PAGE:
Taking a look back at Philly Tech News' "Young Companies To Watch" list as it stood in July 2011, 10 of the 30 startups have been acquired since then, including the top four. I'm guessing that Accenture's recently announced acquisition of Octagon Research Solutions will be the largest exit in terms of valuation, though no word from principal investor Edison Ventures yet. myYearbook was acquired by Quepasa Corp (now MeetMe) for $100 million, though that was mostly in stock. Estimates I've seen from the Indian press for the price CSC paid for AppLabs, the software testing firm founded by Sahsi Reddi and co-headquartered in Philadelphia but having most of its headcount in India, suggest it might have been as high as $200 million. Portico Systems was acquired by McKesson for $90 million.
Active Network acquired StarCite, the once high-flying corporate meeting management site that had faltered a bit durng the recession, for about $51 million in stock and cash. Philly-based cloud unified communications provider Alteva was acquired by New York-based Warwick Valley Communications, an old-line local telco that is essentially remaking itself in Alteva's image, for $17 million. Mobile payment startup Venmo moved to New York last year and was recently acquired by Braintree for $26 million. Yardley-based MobileMD was acquired by Malvern-based Siemens Healthcare for a price that hasn't been disclosed, but the exit probably produced a good IRR for its investors. Safend was acquired by Massachusetts-based Wave Systems for $12.8 million. SEO software vendor ClickEquations was acquired by ICG partner company Channel Intelligence for an undisclosed amount and subsequently sold to Acquisio.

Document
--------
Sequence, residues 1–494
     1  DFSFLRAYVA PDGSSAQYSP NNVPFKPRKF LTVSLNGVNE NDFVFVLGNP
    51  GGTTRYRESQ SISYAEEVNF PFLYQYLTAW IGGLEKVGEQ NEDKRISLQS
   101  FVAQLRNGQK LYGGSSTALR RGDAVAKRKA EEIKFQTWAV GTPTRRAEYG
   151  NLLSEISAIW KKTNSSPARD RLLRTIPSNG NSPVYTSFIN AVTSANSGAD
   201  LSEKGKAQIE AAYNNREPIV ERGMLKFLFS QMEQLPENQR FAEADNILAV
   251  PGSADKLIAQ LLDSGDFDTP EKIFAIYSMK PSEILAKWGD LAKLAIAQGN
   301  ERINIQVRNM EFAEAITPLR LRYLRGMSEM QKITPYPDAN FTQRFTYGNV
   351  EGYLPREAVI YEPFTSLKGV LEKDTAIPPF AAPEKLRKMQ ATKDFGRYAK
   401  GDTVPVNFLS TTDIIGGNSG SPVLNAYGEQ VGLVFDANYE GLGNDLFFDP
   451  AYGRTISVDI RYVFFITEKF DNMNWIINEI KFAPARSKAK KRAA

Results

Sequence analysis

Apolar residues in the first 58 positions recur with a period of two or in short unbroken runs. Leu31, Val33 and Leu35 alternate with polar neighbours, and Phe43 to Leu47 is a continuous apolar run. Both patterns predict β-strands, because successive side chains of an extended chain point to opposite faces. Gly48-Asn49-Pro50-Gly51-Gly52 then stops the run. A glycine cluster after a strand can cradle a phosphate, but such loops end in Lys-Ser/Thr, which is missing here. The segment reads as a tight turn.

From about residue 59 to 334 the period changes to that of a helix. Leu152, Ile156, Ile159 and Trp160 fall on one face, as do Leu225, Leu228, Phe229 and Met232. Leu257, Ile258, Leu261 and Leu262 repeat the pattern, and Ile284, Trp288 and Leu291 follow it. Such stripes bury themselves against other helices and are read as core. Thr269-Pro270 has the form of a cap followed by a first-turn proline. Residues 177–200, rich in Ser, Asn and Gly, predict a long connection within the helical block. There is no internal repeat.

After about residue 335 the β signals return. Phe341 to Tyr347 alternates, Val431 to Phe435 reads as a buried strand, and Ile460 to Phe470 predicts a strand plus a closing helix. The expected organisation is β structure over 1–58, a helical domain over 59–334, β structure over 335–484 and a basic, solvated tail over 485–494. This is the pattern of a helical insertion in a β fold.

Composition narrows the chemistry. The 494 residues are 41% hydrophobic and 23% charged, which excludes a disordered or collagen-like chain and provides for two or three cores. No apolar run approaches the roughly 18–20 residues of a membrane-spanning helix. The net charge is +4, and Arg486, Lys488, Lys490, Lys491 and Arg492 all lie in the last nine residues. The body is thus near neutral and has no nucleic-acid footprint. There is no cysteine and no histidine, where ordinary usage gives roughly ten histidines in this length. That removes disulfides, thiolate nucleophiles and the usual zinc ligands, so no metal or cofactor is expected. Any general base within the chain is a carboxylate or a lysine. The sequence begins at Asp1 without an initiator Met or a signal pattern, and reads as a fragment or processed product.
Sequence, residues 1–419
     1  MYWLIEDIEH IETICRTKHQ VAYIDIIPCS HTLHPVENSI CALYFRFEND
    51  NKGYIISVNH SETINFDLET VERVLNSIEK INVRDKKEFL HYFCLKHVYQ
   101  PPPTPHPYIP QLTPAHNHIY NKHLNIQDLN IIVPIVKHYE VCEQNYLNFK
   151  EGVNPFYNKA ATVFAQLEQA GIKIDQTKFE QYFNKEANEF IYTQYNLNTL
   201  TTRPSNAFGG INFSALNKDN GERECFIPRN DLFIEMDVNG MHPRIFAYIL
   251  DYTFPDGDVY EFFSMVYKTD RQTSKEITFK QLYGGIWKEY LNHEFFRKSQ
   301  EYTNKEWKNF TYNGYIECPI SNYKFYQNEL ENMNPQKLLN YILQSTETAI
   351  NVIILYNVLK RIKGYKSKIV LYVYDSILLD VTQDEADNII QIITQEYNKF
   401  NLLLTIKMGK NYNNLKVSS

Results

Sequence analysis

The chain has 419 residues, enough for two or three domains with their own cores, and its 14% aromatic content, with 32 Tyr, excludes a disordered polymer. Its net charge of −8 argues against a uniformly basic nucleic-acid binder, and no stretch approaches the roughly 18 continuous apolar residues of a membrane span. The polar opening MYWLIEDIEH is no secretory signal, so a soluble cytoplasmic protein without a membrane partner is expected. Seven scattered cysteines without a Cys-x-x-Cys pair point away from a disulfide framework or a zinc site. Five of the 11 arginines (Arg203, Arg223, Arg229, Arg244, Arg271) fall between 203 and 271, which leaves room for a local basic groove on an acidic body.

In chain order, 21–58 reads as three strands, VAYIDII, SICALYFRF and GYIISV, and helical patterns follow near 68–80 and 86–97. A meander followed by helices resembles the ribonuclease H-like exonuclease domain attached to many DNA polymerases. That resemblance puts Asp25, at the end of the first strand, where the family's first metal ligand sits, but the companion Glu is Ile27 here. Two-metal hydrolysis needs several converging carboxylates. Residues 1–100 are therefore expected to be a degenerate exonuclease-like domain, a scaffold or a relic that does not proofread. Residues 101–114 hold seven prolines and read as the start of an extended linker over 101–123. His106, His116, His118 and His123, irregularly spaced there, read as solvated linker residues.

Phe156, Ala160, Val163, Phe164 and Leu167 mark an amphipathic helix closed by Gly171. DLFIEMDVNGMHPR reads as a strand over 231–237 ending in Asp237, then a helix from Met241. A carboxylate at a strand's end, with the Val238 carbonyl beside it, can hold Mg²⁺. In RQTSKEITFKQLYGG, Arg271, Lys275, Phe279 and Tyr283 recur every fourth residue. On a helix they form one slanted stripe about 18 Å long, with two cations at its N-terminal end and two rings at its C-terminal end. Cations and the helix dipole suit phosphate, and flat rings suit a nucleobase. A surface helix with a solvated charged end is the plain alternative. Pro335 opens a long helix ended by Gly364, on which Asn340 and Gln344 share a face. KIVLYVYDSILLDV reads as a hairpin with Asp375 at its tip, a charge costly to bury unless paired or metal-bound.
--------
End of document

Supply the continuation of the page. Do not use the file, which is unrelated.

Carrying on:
Mortgage tech startup ISGN moved its headquarters to Florida. appMobi appears to have moved at least in part from Lancaster to San Francisco. Exton-based iPipeline received a $71.4 million VC investment earlier this year.
Philly Tech News' "Young Companies To Watch" is my somewhat objective, somewhat subjective, imperfect ranking of Philly area startups in terms of their potential. I use whatever bits of financial data that are available, and other metrics that are indications of market acceptance. Also considered are factors such the background of founders, quality of investors, amount of investment (though not always a good indicator), the quality of their proprietary intellectual property, and industry recognition. Not interested in revenue for its own sake, but rather the potential for profitability, competitive advantage and market value. It includes only privately-owned companies or firms in which publicly-traded companies have a minority interest. You can see the current version on the right sidebar.
I'm always interested in hearing from anyone who wants to provide information that helps me provide a more accurate picture.